Poll Finds Overwhelming Support for Michigan Taxpayer-Funded Business Subsidies

by Bruce Walker


A significant majority of the state’s voters support using taxpayer dollars to subsidize private businesses.

According to a statewide poll conducted by the Glengariff Group, Inc., and commissioned by the Business Leaders for Michigan, 76% of respondents favor government grants to businesses seeking to relocate or expand their footprint in the state.

A release from the Business Leaders for Michigan says the Strategic Outreach and Attraction Reserve fund, established in December 2021, is responsible for bringing 12,000 jobs and $17 billion of private investment to the state.

“Michigan has made progress in recent years toward becoming a more competitive state by focusing on bipartisan solutions to some of our most pressing issues. Voters recognize the importance of investing and planning for future growth,” Jeff Donofrio, president and CEO of Business Leaders for Michigan, said in a statement. “Michigan’s competitors aren’t waiting around for us, and if we don’t come together and act, they will leave us in the dust.”

The live-operator telephone survey with a sample of 600 respondents was conducted between Jan. 28 and Feb. 2.  The margin of error is +/-4.0% with a 95% level of confidence.

The Mackinac Center for Public Policy, a conservative-leaning think tank headquartered in Midland, is a long-time opponent of taxpayer-funded subsidies for private businesses.

“Research does show public support for incentives but too often support is a function of presuming the subsidies actually work. Evidence shows that between 75% to 98% of corporate expansions, relocations and retentions would have happened without incentives,” Michael LaFaive, a policy director at Mackinac, wrote in an email to The Center Square. “Independent scholarship indicates ‘starkly negative employment effects’ from subsidizing large corporations, precisely those SOAR incentive supporters are hoping to underwrite.”

He quoted a 2018 analysis conducted by the W.E. Upjohn Institute.

Wendy Block, the Michigan Chamber of Commerce’s senior vice president of Business Advocacy & Member Engagement, told The Center Square the MCC endorses the goals of the SOAR fund.

“The Michigan Chamber supports the intent of the Strategic Outreach and Attraction Reserve fund,” Block said in an email. “The bipartisan work between the Legislature and Governor on SOAR has put Michigan in a more competitive position as it relates to job creation and retention, but balances that with transparency, legislative oversight, and efficiency. We are not surprised that an overwhelming number of Michiganders support incentives for economic development projects,” she said.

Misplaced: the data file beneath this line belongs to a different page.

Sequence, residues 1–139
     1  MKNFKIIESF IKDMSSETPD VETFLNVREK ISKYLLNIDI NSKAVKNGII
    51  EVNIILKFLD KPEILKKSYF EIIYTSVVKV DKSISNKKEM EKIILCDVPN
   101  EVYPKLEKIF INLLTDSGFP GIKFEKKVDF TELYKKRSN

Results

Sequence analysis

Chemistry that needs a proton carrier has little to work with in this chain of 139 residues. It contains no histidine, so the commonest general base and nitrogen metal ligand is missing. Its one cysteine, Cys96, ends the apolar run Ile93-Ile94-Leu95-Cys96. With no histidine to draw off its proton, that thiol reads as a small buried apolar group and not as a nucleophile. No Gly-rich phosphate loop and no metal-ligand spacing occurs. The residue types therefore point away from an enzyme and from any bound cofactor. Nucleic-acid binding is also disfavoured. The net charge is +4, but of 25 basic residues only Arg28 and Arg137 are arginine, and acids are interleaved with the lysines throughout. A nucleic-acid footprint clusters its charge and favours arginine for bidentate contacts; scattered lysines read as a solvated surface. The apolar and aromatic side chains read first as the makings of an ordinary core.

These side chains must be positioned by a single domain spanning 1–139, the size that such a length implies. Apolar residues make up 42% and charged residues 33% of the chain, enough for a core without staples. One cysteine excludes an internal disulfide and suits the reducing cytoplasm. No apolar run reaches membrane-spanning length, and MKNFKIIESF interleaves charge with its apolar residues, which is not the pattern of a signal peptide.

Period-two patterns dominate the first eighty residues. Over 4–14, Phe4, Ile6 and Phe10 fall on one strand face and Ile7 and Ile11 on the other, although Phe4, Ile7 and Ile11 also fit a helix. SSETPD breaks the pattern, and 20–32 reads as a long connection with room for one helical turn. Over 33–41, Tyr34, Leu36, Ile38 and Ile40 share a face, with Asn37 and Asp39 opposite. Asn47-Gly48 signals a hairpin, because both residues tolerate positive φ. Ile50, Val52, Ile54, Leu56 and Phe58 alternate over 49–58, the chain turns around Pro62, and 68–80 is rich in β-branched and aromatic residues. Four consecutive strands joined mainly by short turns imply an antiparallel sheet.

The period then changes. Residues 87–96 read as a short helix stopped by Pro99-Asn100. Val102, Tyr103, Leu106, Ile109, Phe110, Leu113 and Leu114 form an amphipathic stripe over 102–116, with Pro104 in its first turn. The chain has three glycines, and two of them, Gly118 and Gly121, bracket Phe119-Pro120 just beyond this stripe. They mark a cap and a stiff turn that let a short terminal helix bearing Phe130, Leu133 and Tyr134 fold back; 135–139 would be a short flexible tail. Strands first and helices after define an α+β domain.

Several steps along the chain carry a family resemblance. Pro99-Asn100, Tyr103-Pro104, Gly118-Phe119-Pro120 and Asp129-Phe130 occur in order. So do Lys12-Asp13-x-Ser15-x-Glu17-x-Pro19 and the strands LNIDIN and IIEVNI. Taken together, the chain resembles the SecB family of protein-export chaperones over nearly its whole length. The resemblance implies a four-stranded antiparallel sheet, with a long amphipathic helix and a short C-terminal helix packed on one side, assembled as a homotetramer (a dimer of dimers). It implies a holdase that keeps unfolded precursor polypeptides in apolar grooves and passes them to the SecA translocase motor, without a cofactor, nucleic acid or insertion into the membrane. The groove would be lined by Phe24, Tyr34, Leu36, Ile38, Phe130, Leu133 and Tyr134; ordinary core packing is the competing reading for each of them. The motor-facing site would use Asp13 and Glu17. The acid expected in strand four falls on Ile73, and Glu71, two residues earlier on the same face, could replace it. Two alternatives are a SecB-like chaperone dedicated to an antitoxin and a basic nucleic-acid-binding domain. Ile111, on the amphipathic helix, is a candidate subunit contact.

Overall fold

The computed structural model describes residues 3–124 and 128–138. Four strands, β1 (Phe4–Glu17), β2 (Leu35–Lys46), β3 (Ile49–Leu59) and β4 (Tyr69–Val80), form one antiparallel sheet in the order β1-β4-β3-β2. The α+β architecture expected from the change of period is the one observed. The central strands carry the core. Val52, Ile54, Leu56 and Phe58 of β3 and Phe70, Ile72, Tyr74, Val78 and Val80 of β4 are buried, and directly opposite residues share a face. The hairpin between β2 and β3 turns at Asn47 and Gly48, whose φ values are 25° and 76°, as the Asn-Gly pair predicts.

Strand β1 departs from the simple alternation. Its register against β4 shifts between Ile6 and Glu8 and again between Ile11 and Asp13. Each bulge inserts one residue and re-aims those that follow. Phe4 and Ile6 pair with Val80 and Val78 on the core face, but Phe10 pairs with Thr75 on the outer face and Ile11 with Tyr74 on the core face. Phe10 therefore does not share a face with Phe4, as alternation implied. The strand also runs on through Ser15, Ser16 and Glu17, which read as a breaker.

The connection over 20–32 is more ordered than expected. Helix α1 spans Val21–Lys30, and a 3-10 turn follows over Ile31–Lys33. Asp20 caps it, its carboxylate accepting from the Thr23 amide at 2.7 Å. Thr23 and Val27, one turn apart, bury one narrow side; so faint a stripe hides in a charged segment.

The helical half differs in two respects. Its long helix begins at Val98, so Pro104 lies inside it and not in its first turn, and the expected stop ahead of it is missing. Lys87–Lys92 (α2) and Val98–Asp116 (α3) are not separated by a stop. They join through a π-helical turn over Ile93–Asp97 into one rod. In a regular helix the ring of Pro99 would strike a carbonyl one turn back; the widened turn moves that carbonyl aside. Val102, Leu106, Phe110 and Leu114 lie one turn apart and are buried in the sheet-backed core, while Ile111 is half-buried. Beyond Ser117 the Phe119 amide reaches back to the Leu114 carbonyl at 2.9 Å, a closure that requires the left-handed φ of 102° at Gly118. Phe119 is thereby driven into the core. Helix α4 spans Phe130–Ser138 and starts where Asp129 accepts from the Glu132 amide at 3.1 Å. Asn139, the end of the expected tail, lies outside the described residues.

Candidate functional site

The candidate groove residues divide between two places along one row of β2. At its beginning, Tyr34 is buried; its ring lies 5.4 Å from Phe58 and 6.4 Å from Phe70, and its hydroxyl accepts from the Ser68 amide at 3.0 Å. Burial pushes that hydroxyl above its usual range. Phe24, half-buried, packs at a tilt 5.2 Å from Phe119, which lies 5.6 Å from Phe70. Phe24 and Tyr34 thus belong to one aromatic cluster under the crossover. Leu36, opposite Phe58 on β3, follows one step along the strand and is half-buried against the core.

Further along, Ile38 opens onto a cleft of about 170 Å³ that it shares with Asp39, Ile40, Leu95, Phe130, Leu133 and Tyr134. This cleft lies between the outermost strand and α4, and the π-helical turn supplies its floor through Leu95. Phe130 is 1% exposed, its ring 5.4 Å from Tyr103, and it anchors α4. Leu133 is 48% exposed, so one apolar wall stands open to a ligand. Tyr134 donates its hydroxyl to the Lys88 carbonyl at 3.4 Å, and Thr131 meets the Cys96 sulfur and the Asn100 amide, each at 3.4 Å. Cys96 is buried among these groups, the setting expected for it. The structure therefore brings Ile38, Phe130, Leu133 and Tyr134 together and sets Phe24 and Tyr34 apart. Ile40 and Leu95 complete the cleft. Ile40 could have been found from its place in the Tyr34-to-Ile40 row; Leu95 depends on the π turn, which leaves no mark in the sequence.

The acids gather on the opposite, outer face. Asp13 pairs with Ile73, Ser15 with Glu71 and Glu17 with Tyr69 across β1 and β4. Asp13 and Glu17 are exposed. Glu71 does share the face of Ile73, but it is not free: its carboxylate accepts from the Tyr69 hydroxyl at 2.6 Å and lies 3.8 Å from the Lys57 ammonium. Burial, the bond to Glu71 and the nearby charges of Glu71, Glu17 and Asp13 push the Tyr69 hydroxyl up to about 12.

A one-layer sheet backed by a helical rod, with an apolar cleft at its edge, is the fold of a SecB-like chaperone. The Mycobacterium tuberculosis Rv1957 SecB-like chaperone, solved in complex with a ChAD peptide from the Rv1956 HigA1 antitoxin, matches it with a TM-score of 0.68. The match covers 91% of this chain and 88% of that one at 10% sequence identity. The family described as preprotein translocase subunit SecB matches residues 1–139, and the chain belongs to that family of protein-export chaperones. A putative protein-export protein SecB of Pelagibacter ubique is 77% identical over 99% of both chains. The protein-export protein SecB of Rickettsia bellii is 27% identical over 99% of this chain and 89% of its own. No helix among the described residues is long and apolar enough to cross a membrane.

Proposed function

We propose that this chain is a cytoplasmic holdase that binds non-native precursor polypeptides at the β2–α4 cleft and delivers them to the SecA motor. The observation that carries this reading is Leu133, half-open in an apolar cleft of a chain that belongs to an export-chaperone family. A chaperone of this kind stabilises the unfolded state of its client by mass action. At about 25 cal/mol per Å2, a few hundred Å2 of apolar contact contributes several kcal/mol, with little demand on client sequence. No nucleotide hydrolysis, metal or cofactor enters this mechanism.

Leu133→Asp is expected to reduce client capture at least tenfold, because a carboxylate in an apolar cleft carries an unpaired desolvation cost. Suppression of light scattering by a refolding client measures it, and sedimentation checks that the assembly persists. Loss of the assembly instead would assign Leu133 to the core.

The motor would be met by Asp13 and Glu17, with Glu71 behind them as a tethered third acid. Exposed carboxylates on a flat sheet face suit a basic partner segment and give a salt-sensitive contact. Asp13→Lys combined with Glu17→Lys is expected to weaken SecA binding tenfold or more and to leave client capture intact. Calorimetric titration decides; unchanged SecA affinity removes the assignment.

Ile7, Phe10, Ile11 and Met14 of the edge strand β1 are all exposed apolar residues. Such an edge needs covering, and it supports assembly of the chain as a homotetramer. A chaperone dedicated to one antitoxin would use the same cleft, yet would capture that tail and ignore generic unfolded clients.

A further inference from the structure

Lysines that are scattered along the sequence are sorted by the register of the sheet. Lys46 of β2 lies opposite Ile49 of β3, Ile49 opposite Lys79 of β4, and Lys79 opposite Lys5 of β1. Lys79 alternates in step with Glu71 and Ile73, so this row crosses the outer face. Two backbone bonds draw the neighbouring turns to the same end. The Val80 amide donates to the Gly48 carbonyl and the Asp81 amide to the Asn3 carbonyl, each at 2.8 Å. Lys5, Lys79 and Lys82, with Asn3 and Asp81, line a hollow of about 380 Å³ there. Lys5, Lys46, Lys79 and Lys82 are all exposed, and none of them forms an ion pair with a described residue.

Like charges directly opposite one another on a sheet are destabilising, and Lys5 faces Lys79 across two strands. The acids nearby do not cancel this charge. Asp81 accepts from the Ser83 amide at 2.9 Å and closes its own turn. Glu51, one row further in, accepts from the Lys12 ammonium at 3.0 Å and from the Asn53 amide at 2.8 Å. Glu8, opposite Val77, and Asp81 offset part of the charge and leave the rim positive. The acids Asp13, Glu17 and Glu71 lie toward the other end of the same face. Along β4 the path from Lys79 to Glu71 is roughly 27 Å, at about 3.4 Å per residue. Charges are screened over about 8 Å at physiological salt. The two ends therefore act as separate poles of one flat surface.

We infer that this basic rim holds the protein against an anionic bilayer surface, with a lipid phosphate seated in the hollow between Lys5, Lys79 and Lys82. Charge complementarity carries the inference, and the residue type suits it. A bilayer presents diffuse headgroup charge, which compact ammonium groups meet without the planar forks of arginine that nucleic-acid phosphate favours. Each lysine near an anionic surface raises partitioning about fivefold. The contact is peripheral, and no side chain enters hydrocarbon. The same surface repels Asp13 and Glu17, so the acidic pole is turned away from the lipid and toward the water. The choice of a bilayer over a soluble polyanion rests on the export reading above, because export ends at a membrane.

Block continued: “Since its creation, Michigan has been more competitive for some of the largest projects in our state’s history, which will benefit businesses large and small across all industries in urban and rural areas for decades to come.  SOAR is not only a win for business but a win for workers who will have additional job and growth opportunities in the Great Lakes State.”

Other survey responses suggest state voters feel less strongly about repealing the state’s third grade reading law, which requires schools to retain third-graders who cannot pass the state-mandated reading proficiency tests. The survey concludes 73% of voters favor keeping the law in place.

“If we hope to make long lasting changes to our K-12 system that will put Michigan’s kids on a better trajectory, we need to continue to bring people together and take a holistic approach,” Donofrio said. “Michigan schools rank 40th for educational outcomes, and our high school graduation rate is 42nd in the country. We need to do better by our kids.”

According to the BLM survey, 45% of Michigan voters believe the state is on the right track compared to 40% who say it is on the wrong track; 14% did not offer an opinion. Additionally, 37% of voters believe Michigan’s economy is on the right track compared to 51% who believe it is on the wrong track.

Gov. Gretchen Whitmer’s job performance received 55.5% approval among respondents, which is consistent with poll results compiled in autumn 2021.

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Bruce Walker is a regional editor at The Center Square. He previously worked as editor at the Mackinac Center for Public Policy’s MichiganScience magazine and The Heartland Institute’s InfoTech & Telecom News.
Photo “Business Man with Laptop on His Phone” by Austin Distel.


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